the user to conclude whether the network status is
satisfactory or, otherwise, if it is necessary to change
some configuration parameters and/or data
processing approach. Given a deployment, these
tests can be used to verify whether the traffic
characteristics are as desirable, or to test different
alternatives concerning data processing approaches
and/or traffic-related configurations, in order to
decide the most appropriate ones. We provide
alternative data processing approaches and
configuration parameters for traffic reduction. The
actual choice of a user should depend on application
context requirements and the results of these tests.
Our focus is on detecting excess traffic
conditions that lead to excessive application-level
message loss, so we assume link and node
connection. In practice, the Network Status module
also periodically tests connection between any node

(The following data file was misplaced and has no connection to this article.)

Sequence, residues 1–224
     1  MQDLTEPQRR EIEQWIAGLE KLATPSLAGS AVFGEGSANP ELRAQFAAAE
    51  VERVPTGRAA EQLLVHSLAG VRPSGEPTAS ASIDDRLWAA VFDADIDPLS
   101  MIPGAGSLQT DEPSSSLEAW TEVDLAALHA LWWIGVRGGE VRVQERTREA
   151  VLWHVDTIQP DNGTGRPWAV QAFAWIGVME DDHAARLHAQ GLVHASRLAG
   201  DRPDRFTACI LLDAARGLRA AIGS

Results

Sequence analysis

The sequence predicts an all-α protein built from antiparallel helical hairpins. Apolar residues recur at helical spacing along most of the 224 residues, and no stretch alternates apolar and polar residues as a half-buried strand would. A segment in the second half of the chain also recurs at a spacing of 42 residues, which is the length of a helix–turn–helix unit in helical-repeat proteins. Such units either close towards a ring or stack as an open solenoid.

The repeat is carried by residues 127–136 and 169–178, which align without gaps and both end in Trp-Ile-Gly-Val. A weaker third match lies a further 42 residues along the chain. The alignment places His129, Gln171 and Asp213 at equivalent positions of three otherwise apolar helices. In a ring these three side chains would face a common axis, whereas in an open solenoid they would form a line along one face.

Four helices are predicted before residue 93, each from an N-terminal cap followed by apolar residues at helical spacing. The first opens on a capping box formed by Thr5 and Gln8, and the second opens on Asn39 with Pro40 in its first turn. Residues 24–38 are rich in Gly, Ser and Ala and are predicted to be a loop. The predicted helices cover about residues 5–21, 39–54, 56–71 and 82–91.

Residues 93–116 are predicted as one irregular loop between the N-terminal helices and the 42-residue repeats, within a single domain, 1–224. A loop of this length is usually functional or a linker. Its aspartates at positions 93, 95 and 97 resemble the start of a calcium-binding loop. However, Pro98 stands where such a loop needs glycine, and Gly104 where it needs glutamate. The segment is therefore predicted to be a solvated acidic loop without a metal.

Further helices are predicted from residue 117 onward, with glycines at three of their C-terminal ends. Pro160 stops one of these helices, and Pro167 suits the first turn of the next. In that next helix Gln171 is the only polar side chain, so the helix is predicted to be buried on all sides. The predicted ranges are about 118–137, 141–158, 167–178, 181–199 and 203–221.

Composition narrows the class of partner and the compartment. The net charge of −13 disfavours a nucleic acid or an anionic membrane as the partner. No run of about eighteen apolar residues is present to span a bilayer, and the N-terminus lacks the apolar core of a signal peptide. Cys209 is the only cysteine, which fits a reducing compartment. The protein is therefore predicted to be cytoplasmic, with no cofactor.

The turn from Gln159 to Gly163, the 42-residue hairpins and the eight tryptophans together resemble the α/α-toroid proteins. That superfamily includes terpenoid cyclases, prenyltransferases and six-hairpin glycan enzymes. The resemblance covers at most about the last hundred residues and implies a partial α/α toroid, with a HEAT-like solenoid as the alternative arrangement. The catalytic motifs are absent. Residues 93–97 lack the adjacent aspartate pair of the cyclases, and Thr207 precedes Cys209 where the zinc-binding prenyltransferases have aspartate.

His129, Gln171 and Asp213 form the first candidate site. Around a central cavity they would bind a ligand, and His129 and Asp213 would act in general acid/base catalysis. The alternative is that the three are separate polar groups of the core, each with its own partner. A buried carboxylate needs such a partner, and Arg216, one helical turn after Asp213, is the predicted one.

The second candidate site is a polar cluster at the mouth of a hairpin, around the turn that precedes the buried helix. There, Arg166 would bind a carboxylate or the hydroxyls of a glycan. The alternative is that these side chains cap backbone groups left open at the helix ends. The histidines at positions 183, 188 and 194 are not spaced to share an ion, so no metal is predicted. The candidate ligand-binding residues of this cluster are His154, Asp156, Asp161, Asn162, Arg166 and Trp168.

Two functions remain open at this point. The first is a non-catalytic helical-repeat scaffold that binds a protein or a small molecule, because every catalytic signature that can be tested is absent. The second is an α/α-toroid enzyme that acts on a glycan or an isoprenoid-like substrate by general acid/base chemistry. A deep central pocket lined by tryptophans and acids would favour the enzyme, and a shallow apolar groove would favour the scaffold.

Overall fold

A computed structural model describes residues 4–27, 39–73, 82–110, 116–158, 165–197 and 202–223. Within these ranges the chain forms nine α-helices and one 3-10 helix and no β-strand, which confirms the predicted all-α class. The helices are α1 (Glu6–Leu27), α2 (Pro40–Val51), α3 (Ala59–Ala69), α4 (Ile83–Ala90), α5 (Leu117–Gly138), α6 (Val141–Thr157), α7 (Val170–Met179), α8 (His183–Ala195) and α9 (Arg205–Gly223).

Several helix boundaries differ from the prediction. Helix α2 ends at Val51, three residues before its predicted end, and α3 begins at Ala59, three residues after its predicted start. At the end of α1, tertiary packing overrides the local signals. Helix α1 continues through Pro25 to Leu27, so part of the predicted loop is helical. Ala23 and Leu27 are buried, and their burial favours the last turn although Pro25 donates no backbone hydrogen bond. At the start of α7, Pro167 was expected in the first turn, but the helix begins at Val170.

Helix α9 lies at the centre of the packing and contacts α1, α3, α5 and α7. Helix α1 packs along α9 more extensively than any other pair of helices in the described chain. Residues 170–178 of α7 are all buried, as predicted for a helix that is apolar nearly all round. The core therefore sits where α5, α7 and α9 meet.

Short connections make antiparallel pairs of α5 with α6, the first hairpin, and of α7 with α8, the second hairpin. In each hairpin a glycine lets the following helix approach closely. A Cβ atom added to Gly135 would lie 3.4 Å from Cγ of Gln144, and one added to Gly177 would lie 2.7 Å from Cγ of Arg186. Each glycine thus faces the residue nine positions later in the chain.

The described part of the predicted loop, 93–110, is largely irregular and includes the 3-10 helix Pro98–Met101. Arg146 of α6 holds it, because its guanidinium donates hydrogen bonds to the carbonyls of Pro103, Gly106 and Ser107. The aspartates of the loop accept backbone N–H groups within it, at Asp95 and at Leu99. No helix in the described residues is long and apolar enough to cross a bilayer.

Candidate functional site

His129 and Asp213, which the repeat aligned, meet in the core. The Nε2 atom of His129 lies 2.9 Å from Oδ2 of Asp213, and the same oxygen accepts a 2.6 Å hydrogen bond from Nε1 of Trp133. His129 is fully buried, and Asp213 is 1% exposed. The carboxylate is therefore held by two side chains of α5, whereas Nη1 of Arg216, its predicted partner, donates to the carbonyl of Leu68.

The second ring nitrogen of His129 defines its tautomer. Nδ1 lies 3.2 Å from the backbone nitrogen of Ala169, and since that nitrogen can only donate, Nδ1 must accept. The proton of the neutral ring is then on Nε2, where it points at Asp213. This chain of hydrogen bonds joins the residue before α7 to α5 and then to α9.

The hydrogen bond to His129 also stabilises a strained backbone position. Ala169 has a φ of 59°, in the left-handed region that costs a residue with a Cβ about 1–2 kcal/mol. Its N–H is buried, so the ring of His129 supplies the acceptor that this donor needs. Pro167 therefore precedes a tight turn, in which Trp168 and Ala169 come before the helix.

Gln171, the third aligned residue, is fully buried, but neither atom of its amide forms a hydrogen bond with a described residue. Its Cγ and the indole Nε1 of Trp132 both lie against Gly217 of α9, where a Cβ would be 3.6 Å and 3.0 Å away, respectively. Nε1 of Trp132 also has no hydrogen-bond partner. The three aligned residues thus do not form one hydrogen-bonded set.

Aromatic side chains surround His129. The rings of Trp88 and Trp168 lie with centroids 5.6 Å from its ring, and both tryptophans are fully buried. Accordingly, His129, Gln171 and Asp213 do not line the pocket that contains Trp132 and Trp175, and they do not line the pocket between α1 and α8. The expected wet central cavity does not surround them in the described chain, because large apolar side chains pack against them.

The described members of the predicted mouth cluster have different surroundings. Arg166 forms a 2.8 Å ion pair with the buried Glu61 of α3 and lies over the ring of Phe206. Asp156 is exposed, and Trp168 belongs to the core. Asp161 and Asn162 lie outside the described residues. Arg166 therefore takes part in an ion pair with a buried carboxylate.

and the sink and report disconnection.
In the rest of this section we will discuss the tests
used by our approaches to evaluate the network
Message Loss Ratio: The number or ratio of lost
messages is an important measure of network
performance, revealing problems that may be due to
disconnection or other outside factors of the
environment. In our approaches we use message loss
ratio as an indicator of excess traffic conditions.
Number of Retries for Guaranteed Delivery of
Messages: The number of retries is an application-
level test that is based on sending messages with ack
between sensor and sink node and between sink and
sensor node. A significant number of retries is
indicative of problems due to excess traffic intensity,
providing useful information to the user, who can
then conclude if it is necessary to change some
configuration that decreases traffic intensity.
End-to-end Delay: We measure the end-to-end
delay regarding a transmission of data messages.
The end-to-end delay implies the time taken between
messages is submitted by the source and when it is
successfully received at the destination, and it
accounts for the sum of all components of the delay,
including queuing and the propagation delay of each
3.3 Data Processing Approaches
The overall objective of the Data Processing part is
to provide flexibility for users to configure